For a medium-sized government contractor that requires some level of security and confidentiality without placing overwhelming restrictions, role-based access control (RBAC) would be the most efficient access control system to implement. It allows for efficient management in organizations of this size by consolidating numerous users into a single entry role, thus completing the matrix transformation into a domain definition table.
This helps to maintain confidentiality under the Bell-LaPadula model while providing robust integrity and flexibility of DAC (Ausanka-Crues, n.d.). RBAC effectively addresses the need of the commercial and government sector since it helps to protect the privacy of personal information, prevent the distribution of financial data, and enforce professional standards. It also fits with the governance structures of many organizations which prefer to maintain central control but distribute access rights based on the role that an individual has in the company which most likely correlates with their management rankings.
One of the primary challenges to RBAC implementation is the lengthy process of establishing roles and distribution of permissions. Static templates may be unfitting for a variety of business models and organizations. Furthermore, RBAC may present barriers at first in reacting to any real-world scenarios causing what is known as ‘role explosion.’ The real-world roles may be incompatible with the available RBAC roles to competently encapsulate permissions (SANS Technology Institute, n.d.). This can be mitigated through competent planning strategies by predefining roles and policy definitions with all permissions and exceptions pre-approved. Fortunately, most of the challenges surrounding RBAC can be resolved over time as the organization adapts to the new system.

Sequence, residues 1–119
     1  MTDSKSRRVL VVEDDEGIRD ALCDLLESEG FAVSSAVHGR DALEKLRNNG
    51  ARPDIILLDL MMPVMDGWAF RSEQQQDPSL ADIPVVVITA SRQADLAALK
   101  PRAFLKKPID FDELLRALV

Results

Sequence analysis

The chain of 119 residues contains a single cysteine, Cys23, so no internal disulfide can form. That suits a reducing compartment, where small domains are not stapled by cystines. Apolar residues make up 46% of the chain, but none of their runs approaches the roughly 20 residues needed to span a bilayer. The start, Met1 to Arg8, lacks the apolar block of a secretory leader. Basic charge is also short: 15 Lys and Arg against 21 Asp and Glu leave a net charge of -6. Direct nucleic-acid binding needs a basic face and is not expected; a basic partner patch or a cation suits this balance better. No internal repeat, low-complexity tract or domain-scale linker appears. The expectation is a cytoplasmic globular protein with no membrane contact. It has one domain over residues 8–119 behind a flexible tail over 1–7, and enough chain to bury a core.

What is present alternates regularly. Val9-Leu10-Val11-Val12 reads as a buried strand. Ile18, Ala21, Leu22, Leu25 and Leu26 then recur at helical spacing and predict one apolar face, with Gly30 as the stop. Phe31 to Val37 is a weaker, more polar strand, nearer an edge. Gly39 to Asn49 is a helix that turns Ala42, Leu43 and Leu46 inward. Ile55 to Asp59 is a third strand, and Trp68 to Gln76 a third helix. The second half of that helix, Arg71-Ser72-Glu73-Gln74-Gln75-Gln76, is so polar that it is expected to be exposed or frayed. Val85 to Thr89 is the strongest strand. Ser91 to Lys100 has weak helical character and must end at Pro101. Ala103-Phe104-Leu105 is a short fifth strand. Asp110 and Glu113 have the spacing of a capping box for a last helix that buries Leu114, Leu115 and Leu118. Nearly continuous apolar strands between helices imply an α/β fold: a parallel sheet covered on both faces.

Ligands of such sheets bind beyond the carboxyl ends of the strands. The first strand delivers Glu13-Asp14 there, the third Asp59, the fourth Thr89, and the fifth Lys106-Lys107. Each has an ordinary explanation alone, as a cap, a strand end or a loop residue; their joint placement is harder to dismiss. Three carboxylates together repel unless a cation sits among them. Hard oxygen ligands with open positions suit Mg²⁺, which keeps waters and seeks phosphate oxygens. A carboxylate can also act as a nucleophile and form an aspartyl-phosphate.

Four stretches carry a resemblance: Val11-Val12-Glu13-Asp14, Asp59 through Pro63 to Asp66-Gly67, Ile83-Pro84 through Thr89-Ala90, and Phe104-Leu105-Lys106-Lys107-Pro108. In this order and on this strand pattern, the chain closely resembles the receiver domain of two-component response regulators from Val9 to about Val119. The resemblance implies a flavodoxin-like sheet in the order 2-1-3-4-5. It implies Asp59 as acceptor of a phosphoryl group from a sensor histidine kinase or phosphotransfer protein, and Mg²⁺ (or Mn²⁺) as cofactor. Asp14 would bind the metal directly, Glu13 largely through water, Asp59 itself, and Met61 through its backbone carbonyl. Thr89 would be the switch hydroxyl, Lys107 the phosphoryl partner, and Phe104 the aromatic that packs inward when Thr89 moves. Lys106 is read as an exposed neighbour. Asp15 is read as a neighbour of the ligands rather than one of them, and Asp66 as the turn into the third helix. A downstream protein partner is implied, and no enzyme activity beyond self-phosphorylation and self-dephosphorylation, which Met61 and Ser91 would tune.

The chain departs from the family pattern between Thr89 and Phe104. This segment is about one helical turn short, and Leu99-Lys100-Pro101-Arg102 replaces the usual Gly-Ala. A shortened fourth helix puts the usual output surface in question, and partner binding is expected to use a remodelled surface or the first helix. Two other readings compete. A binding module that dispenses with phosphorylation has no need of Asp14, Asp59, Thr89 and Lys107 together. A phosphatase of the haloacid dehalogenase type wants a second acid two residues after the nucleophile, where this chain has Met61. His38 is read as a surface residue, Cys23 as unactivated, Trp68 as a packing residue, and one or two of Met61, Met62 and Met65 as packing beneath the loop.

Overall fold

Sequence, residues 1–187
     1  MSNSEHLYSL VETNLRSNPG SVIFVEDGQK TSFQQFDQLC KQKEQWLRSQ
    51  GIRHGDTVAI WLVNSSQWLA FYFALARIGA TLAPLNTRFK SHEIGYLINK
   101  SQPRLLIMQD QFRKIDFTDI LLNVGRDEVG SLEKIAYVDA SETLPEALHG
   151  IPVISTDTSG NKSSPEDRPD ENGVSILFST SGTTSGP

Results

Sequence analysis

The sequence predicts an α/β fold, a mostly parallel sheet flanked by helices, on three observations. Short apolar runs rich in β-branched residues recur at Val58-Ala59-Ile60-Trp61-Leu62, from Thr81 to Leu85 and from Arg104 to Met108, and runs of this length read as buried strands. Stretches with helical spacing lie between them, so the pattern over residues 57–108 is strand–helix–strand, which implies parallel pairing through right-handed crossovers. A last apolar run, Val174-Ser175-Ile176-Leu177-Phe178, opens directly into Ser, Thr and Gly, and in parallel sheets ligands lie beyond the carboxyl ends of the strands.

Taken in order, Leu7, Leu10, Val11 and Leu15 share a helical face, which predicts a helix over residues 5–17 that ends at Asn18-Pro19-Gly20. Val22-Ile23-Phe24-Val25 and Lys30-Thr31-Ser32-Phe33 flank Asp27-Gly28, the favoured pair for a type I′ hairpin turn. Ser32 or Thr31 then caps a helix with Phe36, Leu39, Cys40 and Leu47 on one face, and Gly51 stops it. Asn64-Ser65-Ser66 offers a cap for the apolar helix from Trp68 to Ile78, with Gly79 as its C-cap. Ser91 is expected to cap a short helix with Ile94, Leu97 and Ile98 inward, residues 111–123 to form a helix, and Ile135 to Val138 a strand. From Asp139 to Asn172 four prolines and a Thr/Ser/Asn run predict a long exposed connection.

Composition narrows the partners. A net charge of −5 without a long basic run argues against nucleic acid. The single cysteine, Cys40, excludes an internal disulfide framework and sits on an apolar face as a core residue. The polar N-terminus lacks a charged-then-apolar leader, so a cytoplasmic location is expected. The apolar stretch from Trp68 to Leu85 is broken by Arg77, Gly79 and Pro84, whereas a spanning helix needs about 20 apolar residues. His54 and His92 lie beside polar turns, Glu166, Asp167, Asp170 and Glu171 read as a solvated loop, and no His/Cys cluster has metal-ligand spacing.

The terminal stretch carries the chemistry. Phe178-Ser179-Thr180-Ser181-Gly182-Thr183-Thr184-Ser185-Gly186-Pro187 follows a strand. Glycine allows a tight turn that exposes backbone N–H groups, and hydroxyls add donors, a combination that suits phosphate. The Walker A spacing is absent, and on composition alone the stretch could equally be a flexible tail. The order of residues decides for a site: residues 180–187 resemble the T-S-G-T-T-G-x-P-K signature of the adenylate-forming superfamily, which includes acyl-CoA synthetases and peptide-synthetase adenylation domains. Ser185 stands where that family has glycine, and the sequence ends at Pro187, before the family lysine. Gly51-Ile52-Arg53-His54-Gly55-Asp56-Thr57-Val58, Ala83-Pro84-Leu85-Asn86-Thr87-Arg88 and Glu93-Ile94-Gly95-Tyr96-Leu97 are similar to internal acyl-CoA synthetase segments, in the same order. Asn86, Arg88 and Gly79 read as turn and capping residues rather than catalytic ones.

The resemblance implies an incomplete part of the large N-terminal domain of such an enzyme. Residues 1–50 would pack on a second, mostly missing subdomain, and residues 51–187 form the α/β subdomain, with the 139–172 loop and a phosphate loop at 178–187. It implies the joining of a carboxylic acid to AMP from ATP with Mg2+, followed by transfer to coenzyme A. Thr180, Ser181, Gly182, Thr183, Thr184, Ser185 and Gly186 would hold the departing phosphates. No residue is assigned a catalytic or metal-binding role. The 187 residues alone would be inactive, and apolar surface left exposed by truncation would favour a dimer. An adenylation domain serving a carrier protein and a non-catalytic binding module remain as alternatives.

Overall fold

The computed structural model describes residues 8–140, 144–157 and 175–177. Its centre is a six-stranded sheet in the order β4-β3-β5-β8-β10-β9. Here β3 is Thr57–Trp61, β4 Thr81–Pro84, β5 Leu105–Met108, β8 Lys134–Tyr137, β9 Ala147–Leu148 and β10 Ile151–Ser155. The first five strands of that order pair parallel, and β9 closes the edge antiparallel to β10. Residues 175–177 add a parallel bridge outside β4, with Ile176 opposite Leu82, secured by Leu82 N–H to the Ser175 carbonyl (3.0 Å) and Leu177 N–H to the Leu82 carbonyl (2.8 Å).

Ausanka-Crues, R. (n.d.). Methods for access control: Advances and limitations. Web.
Hu, V., Kuhn, R., & Yaga, D. (2017). Verification and test methods for access control policies/models. Web.
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Jayant, D, B., Swapnaja, U. A., Sulabha, A. S., & Dattatray, M. G. (2014). Analysis of DAC, MAC, RBAC access control-based models for security. International Journal of Computer Applications, 104(5), 6-13. Web.
SANS Technology Institute. (n.d.). Role based access control to achieve defense in depth. Web.